What’s been going on!
Another damn rainy week! There is a great stress reducing factor when you can look back over four decades of farming and know that it can always be worse. In our first season farming we had just planted four acres of blackberries and raspberries, 20,000 feet of row. We were living in the tent next to the 20’X20’ tractor shed when after a March and April dry period it started to rain in May and didn’t stop the whole month, 15 inches of rain fell in those thirty one days. Nearly every afternoon there would be a thunderstorm with great downpours.
The result was a biblical scourge of weeds that germinated in the berry rows. We had turned over soil that hadn’t been farmed in years and unleashed millions of weed seeds that had lain dormant. We had no equipment to deal with it and had not yet been able to mulch the rows. After mowing the six foot tall growth in the aisles between the plants, standing on the tractor so I could see down into the mass so as to not mow the young berry bushes, I spent the month of June hand weeding circles around each of the 10,000 plants so as not to lose them followed by weed eating the remaining growth.
We were humbled by the power of nature and only by the shear dent of our stubbornness did we save those plantings and continue on to be successful. We vowed never again to be caught that way. So this seven or eight days of rain this month is just another blip in the long history of weather events here at the farm. Needless to say it has slowed crop growth and nearly decimated the blueberry season but it is what it is.
Picture of the week
In this old grainy picture you can see the river that formed every afternoon that May, you can also see the weeds growing in the background
What’s going to be at Market?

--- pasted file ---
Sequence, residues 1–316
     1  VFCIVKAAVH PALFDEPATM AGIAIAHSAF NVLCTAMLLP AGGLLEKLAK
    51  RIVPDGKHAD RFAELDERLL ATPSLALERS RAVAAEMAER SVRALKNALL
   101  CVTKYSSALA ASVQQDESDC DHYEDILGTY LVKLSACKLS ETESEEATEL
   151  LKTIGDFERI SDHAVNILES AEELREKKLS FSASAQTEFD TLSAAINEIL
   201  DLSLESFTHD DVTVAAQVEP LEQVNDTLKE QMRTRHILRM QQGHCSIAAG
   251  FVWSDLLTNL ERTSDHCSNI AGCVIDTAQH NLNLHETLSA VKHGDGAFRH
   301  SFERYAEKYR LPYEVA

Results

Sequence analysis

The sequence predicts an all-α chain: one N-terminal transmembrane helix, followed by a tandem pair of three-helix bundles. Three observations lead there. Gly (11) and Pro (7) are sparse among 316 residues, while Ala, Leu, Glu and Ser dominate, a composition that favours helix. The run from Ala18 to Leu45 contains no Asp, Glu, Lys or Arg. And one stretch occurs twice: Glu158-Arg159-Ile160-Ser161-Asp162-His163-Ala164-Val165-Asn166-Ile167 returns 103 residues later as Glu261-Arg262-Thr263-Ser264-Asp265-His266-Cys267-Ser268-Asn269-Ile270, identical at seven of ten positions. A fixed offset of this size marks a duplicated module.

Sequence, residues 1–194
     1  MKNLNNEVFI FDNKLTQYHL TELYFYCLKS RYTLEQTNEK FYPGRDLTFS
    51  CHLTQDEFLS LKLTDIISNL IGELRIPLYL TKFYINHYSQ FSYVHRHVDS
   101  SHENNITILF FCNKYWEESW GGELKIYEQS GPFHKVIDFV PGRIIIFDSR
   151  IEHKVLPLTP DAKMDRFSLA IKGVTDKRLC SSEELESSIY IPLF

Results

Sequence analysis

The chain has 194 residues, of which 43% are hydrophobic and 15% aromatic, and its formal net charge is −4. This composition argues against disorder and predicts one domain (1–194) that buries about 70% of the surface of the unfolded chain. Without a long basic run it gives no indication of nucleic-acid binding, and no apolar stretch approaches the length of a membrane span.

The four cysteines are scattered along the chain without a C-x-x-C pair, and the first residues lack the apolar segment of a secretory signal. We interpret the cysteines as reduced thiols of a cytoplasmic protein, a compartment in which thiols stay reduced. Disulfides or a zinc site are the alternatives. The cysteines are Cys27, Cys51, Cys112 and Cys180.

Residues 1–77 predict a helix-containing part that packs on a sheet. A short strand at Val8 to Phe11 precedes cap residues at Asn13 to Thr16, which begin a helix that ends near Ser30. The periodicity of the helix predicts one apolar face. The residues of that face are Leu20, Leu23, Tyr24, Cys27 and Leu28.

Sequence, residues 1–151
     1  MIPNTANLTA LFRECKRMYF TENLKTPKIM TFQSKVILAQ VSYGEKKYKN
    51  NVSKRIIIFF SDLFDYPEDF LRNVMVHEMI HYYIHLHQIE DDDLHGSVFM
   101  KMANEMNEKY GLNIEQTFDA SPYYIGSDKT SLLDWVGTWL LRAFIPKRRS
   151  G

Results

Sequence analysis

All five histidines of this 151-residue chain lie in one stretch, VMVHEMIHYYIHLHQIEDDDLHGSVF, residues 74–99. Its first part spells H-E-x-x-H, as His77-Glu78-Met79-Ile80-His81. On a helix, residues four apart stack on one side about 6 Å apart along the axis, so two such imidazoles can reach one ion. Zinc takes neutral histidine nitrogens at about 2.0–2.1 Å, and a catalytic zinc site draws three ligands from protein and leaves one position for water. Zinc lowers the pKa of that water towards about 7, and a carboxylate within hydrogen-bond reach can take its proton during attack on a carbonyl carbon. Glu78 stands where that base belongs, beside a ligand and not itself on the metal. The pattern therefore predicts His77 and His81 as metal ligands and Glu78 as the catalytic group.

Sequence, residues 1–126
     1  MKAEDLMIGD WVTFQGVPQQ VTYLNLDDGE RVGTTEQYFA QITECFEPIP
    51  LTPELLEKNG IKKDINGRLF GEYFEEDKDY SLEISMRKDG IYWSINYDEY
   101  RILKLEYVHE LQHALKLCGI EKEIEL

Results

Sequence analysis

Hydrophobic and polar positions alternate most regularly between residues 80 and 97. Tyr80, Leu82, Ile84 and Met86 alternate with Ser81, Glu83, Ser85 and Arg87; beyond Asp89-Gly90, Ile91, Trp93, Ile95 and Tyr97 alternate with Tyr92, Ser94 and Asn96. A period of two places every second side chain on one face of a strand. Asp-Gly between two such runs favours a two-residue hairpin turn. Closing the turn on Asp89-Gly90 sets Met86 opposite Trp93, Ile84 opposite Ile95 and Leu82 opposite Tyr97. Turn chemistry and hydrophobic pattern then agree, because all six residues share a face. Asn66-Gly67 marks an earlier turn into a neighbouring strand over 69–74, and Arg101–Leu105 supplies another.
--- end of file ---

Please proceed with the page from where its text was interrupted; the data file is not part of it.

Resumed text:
We will not be at the Wednesday market for the foreseeable future until the outbreak subsides but we do plan to be at Saturdays as long as we can be.
To facilitate less contact and faster exchanges we are encouraging people to pre-order so that it is ready to go when you get to market this page has all of the details on how to do that. We need your orders by noon on Friday for us to be able to put them together on Friday afternoon. The online store opens Wednesday about 9:00 a.m.
Not as much produce this week.
Blueberries! A limited supply, you will have to email us to reserve some, limit 2 per person
A smaller amount of Red and Green Little Gem lettuce. A very small supply of Red Summer Crisp Lettuce (a combination of Romaine and Red leaf) and of the Magenta Summer Crisp.
In the bitter greens department we still have a good amount of Escarole for soups, salads or sautéing. Lacinato Kale (aka Dinosaur Kale or Cavalo Nero), you all know what to do with it. In Radicchio we have the regular round red and the beautiful speckled and slightly less bitter Bel Fiore.
The last week of the best Sugar Snap Peas around. Tons of crunchy Red Radishes. More tender, medium sized Fennel bulbs.
More beautiful Sunflowers. Tall and stately Larkspur. Campanula (Canterbury Bells) in purple.
Stay safe and well and we hope to see you all at the market!
Alex and Betsy
If you know folks who you think would be interested in news of the farm then please feel free to forward this to them and encourage them to sign up at the website.